Walter B. FREEMAN, RNR Resources, LLC, Michelle L. Harris, Sandra Lee Fincher, James R. Omundson, Plaintiffs-Appellants v. UNITED STATES, Defendant-Appellee
Appellants Walter B. Freeman, RNR Resources, LLC (“RNR”), Michelle L. Harris, Sandra Lee Fincher, and James R. Omundson (collectively, “Appellants”) sued Appellee the United States (“the Government”), alleging, inter alia, a regulatory taking of RNR's mining claims by the Government. The U.S. Court of Federal Claims granted the Government's motion to dismiss Appellants' regulatory taking claim for lack of subject matter jurisdiction because the claim was not ripe. Freeman v. United States (Freeman I ), 124 Fed.Cl. 1, 2 (2015); see Freeman v. United States (Freeman II ), No. 01-39L, 2016 WL 943859, at *1 (Fed. Cl. Mar. 1, 2016) (denying reconsideration). Appellants appealed. We have jurisdiction pursuant to 28 U.S.C. § 1295(a)(3) (2012). We affirm.
RNR, which is solely owned by Mr. Freeman,1 located eight mining claims on public lands of the Rogue River Siskiyou National Forest. See J.A. 41–42. In 2011, RNR filed a plan of operations (“the Plan”) with the U.S. Forest Service (“Forest Service”) “to authorize commercial mining of the[se] new mining claims” as required by regulation.2 J.A. 42; see J.A. 245. The Plan describes a project to mine ore that “contains commercially recoverable amounts of nickel, chromium[,] and iron” from two deposits over the course of thirty years. J.A. 269; see J.A. 251. In order to haul the mined and screened ore to a processing site, RNR proposed construction of nearly eight miles of new roads, excavation of a pit for water storage, and construction of two crossings over a creek. J.A. 270–71. RNR also proposed the creation of a processing facility “on an approximately [twenty] acre site,” J.A. 271; see J.A. 264 (map with location of facility), which was to be located on lands managed by the U.S. Department of the Interior's Bureau of Land Management (“BLM”), J.A. 105.
After receiving the Plan, District Ranger Roy Bergstrom directed Area Mining Geologist Kevin Johnson to review the Plan. J.A. 103–04, 154. During two separate telephone conversations that occurred soon after RNR filed the Plan, Mr. Freeman discussed with Messrs. Bergstrom and Johnson the potential of “conducting a bulk sample of minerals on his mining claims” to collect “10–15 tons of material.” J.A. 104; see J.A. 155, 342. During these discussions, Messrs. Bergstrom and Johnson eventually advised Mr. Freeman to submit a written proposal of the bulk sampling to include in the Plan. J.A. 104, 155. Mr. Johnson also informed Mr. Freeman that the Forest Service needed additional time to provide a formal response to the Plan given its complexity. J.A. 291.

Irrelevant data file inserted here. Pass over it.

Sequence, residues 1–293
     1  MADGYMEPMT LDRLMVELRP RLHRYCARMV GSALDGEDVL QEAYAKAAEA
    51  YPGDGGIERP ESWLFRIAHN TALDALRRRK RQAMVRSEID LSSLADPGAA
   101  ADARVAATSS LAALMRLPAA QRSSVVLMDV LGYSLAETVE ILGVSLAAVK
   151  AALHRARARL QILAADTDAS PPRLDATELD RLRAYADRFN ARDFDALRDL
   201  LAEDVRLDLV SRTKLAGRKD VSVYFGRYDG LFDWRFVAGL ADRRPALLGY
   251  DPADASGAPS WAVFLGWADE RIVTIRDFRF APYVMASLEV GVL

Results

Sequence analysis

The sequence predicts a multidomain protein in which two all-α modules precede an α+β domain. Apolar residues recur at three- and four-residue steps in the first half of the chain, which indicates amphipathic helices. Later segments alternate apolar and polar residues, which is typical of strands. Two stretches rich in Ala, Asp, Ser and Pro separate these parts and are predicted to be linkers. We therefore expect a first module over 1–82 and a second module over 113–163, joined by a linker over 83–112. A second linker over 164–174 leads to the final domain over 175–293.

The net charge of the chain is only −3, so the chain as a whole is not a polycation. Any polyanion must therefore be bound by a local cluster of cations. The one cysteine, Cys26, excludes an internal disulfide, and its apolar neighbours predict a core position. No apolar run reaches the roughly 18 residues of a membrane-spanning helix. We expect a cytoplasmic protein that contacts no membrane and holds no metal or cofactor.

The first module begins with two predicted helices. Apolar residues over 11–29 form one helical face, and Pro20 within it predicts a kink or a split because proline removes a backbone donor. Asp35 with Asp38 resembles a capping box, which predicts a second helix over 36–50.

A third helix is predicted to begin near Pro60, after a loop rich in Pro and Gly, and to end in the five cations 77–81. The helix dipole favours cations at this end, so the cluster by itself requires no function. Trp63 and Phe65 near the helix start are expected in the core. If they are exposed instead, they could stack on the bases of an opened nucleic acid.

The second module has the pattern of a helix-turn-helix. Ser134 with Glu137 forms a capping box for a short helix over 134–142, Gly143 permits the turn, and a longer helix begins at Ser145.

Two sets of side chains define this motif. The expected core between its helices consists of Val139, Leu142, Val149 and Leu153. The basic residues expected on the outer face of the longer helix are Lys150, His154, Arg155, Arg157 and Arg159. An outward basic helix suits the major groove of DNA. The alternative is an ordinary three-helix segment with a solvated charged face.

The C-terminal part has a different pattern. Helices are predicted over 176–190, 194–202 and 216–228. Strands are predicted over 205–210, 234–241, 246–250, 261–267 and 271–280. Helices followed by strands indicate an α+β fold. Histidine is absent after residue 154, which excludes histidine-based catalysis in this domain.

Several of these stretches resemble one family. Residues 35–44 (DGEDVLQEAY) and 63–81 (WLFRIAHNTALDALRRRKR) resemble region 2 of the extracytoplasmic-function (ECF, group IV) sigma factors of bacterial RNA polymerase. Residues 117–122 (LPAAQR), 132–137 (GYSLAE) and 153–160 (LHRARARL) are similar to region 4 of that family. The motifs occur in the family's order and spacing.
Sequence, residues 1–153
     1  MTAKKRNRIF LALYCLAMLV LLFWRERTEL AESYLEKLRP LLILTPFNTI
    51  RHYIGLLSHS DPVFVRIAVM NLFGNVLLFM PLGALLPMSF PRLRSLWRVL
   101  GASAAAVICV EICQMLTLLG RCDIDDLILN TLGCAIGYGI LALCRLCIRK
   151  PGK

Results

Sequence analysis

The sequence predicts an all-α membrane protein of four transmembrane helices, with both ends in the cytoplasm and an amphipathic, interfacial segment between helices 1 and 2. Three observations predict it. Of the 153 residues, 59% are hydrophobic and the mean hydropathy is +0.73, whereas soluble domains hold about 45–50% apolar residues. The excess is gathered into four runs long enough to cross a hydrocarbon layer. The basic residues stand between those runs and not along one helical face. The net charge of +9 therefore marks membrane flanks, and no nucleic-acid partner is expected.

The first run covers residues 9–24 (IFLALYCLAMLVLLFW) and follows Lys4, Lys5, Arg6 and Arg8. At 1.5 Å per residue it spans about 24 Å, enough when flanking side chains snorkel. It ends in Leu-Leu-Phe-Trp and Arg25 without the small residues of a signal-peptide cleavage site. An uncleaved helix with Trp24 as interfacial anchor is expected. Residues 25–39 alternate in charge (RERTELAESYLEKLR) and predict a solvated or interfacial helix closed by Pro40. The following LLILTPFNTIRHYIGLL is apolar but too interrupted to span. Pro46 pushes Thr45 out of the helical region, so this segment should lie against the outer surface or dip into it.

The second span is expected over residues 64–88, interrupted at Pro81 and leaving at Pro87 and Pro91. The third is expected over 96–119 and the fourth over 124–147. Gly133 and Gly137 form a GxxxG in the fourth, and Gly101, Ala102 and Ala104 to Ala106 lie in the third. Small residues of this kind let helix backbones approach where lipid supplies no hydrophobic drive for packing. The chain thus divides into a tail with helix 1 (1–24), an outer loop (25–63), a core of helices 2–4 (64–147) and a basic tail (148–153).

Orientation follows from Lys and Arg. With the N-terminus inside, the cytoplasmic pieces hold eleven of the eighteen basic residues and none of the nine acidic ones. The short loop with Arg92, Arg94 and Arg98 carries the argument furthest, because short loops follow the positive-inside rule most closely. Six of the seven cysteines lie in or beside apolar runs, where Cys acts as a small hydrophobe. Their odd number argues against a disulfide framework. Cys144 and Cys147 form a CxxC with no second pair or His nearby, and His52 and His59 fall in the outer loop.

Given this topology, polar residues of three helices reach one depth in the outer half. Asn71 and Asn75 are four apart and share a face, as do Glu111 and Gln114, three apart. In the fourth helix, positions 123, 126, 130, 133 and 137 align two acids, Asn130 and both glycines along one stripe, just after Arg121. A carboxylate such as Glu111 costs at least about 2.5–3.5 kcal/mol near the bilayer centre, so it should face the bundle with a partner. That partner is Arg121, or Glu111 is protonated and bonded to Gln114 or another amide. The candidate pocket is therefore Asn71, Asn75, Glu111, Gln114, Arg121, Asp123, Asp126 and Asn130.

In March 2012, Mr. Johnson sent a memorandum to Mr. Bergstrom with his assessment of the Plan. See J.A. 291–93. Mr. Johnson understood that Mr. Freeman planned to build a full-production “processing facility” that would include, inter alia, “a rotary kiln,” “three ․ ore storage buildings,” a “furnace/metal processing building,” and “a supply storage building.” J.A. 291. Mr. Johnson, however, noted that the BLM office “had not received a plan of operation from Mr. Freeman for the construction of [this full-production] processing facility,” despite the Plan's proposal to construct the processing facility on BLM-managed lands.3 J.A. 292; see J.A. 242 (explaining that Mr. Johnson checked with the BLM every one to two months about the status of Mr. Freeman's BLM plan of operations). Mr. Johnson also indicated that the Plan did not include a “discussion of the operator owning or obtaining a water right for the operating facility.” J.A. 292. He explained that RNR would need to construct a pilot-prototype plant,4 which he identified as “a standard practice in the mining industry.” J.A. 292. According to Mr. Johnson, a pilot-prototype plant would allow Mr. Freeman to determine economic feasibility, evaluate treatment and disposal of waste, and identify the best potential product to be processed. J.A. 292–93. Therefore, Mr. Johnson concluded:
[The Plan] is not reasonable and does not represent the next logical or sequential step in the development of this deposit in a mine of this size and scope. I recommend that the [Plan] be returned to Mr. Freeman with the suggestion that he submit a proposal for bulk sampling and construction of a pilot-prototype plant that can process the bulk sample so that it can be determined if production scaled mining and smelting is feasible.
J.A. 293 (emphasis added).
In July 2012, Mr. Bergstrom sent Mr. Freeman a letter containing the Forest Service's written response to the Plan and attached Mr. Johnson's memorandum. J.A. 294–95. Mr. Bergstrom specifically explained that the Plan “will not be processed until [Mr. Freeman] provide[s] additional information and changes to the [P]lan as outlined in Mr. Johnson's memorandum.” J.A. 294 (emphases added). The letter highlighted the lack of a pilot-prototype plant and Mr. Freeman's failure to submit a companion plan to the BLM for construction of a full-production processing facility. J.A. 294. Mr. Bergstrom requested Mr. Freeman “reconsider [his] proposal,” “submit a new plan ․ with more detail,” and provide “confirmation that [he] ha[s] submitted a plan to the BLM.” J.A. 295.